In a few, mad hours this morning, state Labor’s electoral hopes have been damaged irreversibly.
Party faithful went to bed last night harbouring outside hopes of a state election victory.
Today, they are in despair.
Factional discipline – essential to the ascendancy of Weatherill from the minority Left – has collapsed in such spectacular fashion that hardened party warriors are shell-shocked and demoralised.
In short, this morning’s machinations have destroyed state Labor as surely as that tap on the shoulder to Kevin Rudd way back in 2010 destroyed federal Labor.
To recap, Weatherill today threatened to resign the Premiership if right faction boss Don Farrell – a man inextricably linked to the Rudd-Gillard in-fighting – gained preselection for the state seat of Napier.
The seat was offered to Farrell by its incumbent, Cabinet minister Michael O’Brien, with a preselection process set to happen next week.
Farrell lost his Senate seat at the federal election after he allowed Left minister Penny Wong to take the number one spot in the face of public outrage that the well-regarded Wong wasn’t in top spot. The right faction was fuming. Payback was inevitable, but no-one predicted it would be so damaging as this.
Today, in a few moments of extraordinary radio on ABC 891 breakfast, Weatherill threatened to resign if Farrell was preselected, given Farrell’s connection to federal instability and the threat of uncertainty after the election.
Farrell, hanging on the line and listening, seemed taken aback but vowed to keep going with his plan to seek preselection.
A few hours later Farrell – no doubt after hearing from wise heads in Labor that the party was facing an electoral catastrophe – withdrew his bid for preselection.
This was the best case scenario for Labor but, even so, Weatherill and Labor are fatally wounded.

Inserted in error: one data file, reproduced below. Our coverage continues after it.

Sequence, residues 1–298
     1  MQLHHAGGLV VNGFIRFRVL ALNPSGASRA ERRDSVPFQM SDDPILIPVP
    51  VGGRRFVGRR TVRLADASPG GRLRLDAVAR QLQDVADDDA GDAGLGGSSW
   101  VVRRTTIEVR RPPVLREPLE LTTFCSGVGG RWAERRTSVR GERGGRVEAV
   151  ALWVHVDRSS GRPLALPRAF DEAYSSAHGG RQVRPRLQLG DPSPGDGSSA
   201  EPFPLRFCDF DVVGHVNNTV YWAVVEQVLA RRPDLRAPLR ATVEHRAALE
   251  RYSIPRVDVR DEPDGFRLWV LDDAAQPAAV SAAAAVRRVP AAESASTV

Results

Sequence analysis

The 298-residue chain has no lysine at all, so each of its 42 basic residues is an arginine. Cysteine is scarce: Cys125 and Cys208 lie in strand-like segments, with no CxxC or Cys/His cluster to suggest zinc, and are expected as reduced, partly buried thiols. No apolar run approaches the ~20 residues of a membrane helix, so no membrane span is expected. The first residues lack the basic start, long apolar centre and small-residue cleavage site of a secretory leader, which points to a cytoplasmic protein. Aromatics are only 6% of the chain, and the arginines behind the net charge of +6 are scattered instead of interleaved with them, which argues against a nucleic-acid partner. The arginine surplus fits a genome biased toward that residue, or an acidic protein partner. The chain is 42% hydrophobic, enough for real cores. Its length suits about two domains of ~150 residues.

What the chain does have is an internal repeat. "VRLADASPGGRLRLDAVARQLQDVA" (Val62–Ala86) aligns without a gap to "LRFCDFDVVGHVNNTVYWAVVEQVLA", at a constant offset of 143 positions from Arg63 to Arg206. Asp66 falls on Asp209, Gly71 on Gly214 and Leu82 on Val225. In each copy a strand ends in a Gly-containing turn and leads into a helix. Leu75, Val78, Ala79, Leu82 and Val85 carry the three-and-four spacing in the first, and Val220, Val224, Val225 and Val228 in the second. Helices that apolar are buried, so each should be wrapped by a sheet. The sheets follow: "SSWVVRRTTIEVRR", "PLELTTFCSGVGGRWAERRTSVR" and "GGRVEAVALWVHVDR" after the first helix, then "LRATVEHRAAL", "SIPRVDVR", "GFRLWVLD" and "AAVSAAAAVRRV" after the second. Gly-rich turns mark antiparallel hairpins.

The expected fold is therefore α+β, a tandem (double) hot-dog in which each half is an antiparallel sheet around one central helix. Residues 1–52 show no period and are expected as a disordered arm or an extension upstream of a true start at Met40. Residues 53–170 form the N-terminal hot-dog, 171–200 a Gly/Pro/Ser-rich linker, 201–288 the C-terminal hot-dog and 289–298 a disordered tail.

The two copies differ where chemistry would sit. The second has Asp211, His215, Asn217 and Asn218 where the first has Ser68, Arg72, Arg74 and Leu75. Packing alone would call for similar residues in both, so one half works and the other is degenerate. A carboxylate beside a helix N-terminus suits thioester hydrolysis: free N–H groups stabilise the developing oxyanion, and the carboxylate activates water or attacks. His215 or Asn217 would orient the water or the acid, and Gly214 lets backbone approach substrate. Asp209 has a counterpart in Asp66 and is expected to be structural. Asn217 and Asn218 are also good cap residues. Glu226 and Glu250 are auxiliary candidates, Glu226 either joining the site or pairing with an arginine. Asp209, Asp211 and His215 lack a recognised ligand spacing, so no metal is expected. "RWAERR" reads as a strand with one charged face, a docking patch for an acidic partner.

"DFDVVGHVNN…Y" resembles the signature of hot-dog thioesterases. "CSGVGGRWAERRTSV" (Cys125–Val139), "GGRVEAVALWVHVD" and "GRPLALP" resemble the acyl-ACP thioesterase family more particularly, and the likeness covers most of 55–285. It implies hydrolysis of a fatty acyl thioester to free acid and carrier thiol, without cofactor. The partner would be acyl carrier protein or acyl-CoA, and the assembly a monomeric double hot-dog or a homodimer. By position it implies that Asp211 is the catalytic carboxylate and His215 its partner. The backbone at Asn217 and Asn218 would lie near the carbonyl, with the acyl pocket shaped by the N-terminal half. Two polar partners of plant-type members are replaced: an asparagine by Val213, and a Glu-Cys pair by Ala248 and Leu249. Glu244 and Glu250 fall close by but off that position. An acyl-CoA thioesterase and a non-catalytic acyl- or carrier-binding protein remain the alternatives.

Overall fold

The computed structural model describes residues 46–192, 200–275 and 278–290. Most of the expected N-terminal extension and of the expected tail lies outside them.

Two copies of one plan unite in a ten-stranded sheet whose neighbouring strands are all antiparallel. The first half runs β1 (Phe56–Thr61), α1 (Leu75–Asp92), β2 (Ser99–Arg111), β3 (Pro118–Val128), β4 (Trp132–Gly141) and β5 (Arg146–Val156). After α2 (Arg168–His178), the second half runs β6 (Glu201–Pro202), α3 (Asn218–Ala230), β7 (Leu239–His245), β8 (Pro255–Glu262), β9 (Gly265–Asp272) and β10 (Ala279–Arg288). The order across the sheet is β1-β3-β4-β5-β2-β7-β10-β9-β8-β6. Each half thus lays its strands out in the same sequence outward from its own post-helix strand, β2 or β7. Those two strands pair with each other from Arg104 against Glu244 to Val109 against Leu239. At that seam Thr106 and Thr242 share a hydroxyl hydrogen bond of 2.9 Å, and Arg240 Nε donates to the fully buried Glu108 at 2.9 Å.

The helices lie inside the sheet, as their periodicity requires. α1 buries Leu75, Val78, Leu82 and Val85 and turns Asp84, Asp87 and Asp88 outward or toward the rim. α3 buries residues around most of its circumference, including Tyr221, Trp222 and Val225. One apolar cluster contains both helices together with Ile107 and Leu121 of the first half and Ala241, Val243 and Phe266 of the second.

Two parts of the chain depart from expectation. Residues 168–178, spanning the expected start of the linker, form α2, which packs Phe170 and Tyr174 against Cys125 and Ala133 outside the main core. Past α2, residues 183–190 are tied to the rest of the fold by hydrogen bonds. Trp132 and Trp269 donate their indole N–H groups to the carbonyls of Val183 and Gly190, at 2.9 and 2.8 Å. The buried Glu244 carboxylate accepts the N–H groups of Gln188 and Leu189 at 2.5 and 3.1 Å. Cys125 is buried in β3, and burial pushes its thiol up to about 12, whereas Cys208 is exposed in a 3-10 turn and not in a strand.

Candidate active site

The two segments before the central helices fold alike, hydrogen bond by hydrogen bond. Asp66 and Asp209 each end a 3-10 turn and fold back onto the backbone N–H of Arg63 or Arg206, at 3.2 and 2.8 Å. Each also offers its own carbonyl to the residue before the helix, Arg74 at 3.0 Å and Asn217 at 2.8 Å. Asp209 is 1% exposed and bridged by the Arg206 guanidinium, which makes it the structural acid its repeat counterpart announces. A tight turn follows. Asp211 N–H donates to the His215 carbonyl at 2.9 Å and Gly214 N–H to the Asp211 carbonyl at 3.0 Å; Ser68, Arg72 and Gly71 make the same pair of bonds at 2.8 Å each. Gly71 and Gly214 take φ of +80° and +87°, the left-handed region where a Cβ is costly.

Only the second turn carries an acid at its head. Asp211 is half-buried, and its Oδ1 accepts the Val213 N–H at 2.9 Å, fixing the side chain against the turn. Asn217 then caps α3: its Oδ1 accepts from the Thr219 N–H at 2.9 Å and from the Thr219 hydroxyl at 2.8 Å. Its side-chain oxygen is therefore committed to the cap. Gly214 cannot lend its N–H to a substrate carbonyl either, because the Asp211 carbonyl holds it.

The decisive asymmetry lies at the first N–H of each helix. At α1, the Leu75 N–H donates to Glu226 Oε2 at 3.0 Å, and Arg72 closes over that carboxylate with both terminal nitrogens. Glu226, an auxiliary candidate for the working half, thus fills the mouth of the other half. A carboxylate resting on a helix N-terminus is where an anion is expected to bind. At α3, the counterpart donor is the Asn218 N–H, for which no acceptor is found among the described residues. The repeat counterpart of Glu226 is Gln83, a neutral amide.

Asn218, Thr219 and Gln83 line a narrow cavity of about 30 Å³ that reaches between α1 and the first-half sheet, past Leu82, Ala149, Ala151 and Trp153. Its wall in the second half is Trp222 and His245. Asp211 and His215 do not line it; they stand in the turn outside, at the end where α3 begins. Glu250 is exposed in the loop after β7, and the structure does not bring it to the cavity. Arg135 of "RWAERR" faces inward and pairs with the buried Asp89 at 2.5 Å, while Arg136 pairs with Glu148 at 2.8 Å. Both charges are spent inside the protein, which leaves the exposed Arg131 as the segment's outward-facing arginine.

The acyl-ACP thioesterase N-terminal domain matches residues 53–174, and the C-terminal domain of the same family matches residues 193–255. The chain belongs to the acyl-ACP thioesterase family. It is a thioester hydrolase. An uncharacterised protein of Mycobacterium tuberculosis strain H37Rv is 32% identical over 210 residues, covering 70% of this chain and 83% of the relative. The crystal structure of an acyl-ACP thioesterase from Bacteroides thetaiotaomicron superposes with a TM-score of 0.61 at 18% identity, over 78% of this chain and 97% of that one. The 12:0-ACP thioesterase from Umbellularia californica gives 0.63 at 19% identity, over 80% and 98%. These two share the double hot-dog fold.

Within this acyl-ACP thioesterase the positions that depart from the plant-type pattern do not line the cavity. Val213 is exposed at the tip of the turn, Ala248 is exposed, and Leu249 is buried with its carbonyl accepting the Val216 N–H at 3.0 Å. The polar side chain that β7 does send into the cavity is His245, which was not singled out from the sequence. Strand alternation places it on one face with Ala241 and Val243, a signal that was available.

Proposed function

Labor was already facing an uphill battle. Airing this kind of disunity and factional game-playing six weeks from the poll is electoral poison. The Liberals will now be able to link state Labor with the most brand-damaging episode in the party’s history – the Rudd/Gillard debacle.
The blame game is happening behind closed doors. Factional hatreds, mostly dormant since the Right reluctantly handed the Premiership to the Left, are now at boiling point. Farrell’s supporters are white-hot over the second humiliation of their leader in the space of six months.
On the other hand, O’Brien and Farrell are not only facing the fury of Left but also from some within their own faction.
There are some that say Weatherill should have calmly accepted Farrell and moved on. Maybe. But even if he did, Farrell’s close identification with the disastrous Rudd-Gillard years would likely have been fatal to Labor’s re-election hopes. That Farrell and his supporters couldn’t see this from the start is baffling. And they’ve had plenty of time – Farrell has been mulling this over since last September’s election.
Beyond all the machinations and ifs and buts, one overarching question remains – how could Labor do this to itself after the years of pain inflicted by the federal disaster?
It is impossible to comprehend.
The shredders will be starting this weekend.
Tom Richardson’s column and The Outsider will return next week.
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